Are “Kid Coding” programs (Scratch, Blockly, Mindstorm etc) worthwhile?

Written by Alex Preiss on July 14, 2019

“Kid Coding” programs are generally visually-based programming languages (VPL’s) which are specifically designed to teach through manipulating programmatic elements rather by specifying commands textually. The advantage of this style of programming is that beginners can easily become familiar with fundamental programming concepts by breaking them down into easily understood chunks. 

Scratch, developed by MIT, is one such platform that has become popular. The software does not require full literary skills in order to use, and offers a playful UI which kids reportedly enjoy interacting with. While Scratch is directed at children, it can be a useful learning tool across all age groups, even adults. 

Blockly, another popular platform developed by Google, is slightly more advanced and allows programming novices to build functionality within a device. Blockly invites students to explore projects involving robots, automation, and wireless technology and engage their imagination without needing to be proficient in programming. The Blockly editor uses interlocking, graphical blocks to represent code concepts like variables, logical expressions, loops, and more – allowing users to apply programming principles without having to worry about syntax.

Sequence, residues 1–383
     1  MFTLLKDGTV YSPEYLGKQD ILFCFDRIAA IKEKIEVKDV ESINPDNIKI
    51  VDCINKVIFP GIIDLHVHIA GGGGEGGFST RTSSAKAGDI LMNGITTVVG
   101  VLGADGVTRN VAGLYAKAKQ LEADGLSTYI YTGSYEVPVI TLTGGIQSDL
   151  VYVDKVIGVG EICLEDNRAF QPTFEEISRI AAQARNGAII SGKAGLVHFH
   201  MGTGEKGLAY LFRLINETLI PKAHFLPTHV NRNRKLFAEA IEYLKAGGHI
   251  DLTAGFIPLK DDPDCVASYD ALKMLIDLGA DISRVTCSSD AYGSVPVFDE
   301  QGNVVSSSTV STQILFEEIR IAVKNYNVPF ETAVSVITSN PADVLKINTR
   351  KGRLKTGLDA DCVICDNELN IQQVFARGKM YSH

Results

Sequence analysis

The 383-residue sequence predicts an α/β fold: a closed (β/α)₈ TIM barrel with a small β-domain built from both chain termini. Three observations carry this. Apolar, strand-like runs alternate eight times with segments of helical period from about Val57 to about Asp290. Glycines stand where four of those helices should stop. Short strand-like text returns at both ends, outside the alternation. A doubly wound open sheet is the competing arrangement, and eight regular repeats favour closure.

Lego Mindstorms is another platform aimed toward the development of programmable robots based on the Lego building blocks system. The latest package, Lego Mindstorms EV3, offers a curriculum designed to teach core computer programming logic and reasoning skills using the context of robotics. 

These projects are designed to help students think about the patterns and structure of not just robotics, but also programming and problem-solving generally in their lives. Each provides questions and feedback to ensure students progress at each stage of their learning.